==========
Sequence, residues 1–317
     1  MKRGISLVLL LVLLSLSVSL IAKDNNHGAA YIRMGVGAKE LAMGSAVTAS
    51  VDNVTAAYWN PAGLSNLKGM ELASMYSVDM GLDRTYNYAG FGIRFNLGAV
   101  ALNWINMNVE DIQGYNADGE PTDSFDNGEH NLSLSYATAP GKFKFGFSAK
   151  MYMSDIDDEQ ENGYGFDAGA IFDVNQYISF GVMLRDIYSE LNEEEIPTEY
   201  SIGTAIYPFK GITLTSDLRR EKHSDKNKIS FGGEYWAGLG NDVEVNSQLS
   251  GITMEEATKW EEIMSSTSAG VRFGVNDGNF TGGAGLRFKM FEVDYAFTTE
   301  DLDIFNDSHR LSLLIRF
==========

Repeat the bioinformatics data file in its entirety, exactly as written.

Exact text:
Sequence, residues 1–317
     1  MKRGISLVLL LVLLSLSVSL IAKDNNHGAA YIRMGVGAKE LAMGSAVTAS
    51  VDNVTAAYWN PAGLSNLKGM ELASMYSVDM GLDRTYNYAG FGIRFNLGAV
   101  ALNWINMNVE DIQGYNADGE PTDSFDNGEH NLSLSYATAP GKFKFGFSAK
   151  MYMSDIDDEQ ENGYGFDAGA IFDVNQYISF GVMLRDIYSE LNEEEIPTEY
   201  SIGTAIYPFK GITLTSDLRR EKHSDKNKIS FGGEYWAGLG NDVEVNSQLS
   251  GITMEEATKW EEIMSSTSAG VRFGVNDGNF TGGAGLRFKM FEVDYAFTTE
   301  DLDIFNDSHR LSLLIRF